Cervical screening rates for women vaccinated against human papillomavirus

Alison C Budd, Julia M L Brotherton, Dorota M Gertig, Theresa Chau, Kelly T Drennan and Marion Saville
Med J Aust 2014; 201 (5): 279-282. || doi: 10.5694/mja14.00021


Objective: To compare cervical screening rates for women vaccinated with a quadrivalent human papillomavirus (HPV) vaccine with those for unvaccinated women, to address concerns that vaccinated women may not be participating in cervical screening.

Design, setting and participants: Cross-sectional analysis of linked data from the Victorian Cervical Cytology Registry and the National HPV Vaccination Program Register for 20–29-year-old women in Victoria, Australia, for the period 1 January 2009 to 31 December 2011.

Main outcome measures: Screening participation rates for vaccinated and unvaccinated women.

Results: Participation in cervical screening during the 2-year period 2010–2011 was significantly lower in 20–24-year-old vaccinated women compared with unvaccinated women of the same age (37.6% v 47.7%, a 10.1 percentage point difference [95% CI, 9.7–10.6]; < 0.001) and significantly lower in 25–29-year-old vaccinated women compared with unvaccinated women of the same age (45.2% v 58.7%, a 13.5 percentage point difference [95% CI, 13.1%–13.9%]; < 0.001). Similar results were observed for participation during the 3-year period 2009–2011.

Conclusions: Despite education messages provided to young women, our results suggest that vaccinated women are being screened at lower rates than unvaccinated women in Australia. While some degree of undermatching of women in the study may have occurred, this cannot wholly explain our findings. Effective implementation of Individual Healthcare Identifiers to health records, including registry records, is needed to prevent potential undermatching of individuals in future linkage studies. In the meantime, efforts to increase participation in cervical screening by vaccinated women are needed.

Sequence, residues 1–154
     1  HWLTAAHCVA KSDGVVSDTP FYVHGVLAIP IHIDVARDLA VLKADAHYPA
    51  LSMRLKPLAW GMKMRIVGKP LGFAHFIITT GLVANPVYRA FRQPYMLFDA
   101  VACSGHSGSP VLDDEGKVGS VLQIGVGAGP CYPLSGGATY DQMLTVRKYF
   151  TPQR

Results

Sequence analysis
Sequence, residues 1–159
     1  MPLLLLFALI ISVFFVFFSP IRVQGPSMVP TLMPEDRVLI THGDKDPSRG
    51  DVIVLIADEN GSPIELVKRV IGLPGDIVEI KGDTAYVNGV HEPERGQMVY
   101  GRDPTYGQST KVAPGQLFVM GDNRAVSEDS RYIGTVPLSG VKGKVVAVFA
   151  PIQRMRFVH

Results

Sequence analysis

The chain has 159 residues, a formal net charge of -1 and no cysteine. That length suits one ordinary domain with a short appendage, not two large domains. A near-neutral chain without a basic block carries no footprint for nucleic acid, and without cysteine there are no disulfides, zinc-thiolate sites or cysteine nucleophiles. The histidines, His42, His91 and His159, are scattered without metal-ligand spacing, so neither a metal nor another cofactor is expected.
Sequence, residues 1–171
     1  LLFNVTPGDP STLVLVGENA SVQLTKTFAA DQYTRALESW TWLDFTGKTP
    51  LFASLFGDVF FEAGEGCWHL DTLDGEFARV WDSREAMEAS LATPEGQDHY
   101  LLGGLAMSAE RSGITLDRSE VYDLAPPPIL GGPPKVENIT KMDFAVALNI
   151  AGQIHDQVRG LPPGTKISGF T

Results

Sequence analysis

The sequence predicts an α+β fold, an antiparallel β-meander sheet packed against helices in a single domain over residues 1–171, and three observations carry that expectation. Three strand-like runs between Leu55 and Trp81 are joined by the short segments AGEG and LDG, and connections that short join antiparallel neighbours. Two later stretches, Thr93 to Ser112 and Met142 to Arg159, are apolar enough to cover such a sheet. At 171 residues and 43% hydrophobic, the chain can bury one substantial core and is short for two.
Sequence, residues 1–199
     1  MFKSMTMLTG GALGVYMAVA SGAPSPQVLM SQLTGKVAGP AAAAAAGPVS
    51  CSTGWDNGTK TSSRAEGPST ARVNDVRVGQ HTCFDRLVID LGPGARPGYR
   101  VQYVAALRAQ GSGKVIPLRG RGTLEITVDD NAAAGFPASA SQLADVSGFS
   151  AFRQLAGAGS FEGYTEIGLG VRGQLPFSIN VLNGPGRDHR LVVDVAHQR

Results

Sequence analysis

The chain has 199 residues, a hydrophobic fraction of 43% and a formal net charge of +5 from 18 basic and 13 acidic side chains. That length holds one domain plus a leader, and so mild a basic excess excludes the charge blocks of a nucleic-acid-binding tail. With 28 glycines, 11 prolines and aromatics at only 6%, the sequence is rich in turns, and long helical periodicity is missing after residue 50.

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  • Alison C Budd1
  • Julia M L Brotherton2,3
  • Dorota M Gertig2,3
  • Theresa Chau1
  • Kelly T Drennan2
  • Marion Saville2

  • 1 Cancer and Screening Unit, Australian Institute of Health and Welfare, Canberra, ACT.
  • 2 Victorian Cytology Service, Melbourne, VIC.
  • 3 Centre for Epidemiology and Biostatistics, Melbourne School of Population and Global Health, University of Melbourne, Melbourne, VIC.



We thank Genevieve Chappell, Michael Malloy, Cathryn May, Karen Winch and the information technology team at the Victorian Cytology Service (VCS) for assisting with data extraction and testing, and staff at the Data Linkage Unit at the AIHW for conducting the data linkage. The VCCR is fully funded by the Victorian Department of Health and operated by the VCS. The NHVPR is owned by the Australian Government Department of Health and operated by the VCS. This study was funded by the VCS. We had full access to all de-identified VCCR and NHVPR data.

Competing interests:

Julia Brotherton, Dorota Gertig and Marion Saville were investigators on an Australian Research Council linkage grant on which bioCSL was a partner organisation. Julia Brotherton has been an investigator on investigator-initiated epidemiological research studies which have received partial and unrestricted grants from bioCSL and Merck but has received no personal financial benefits from these grants.

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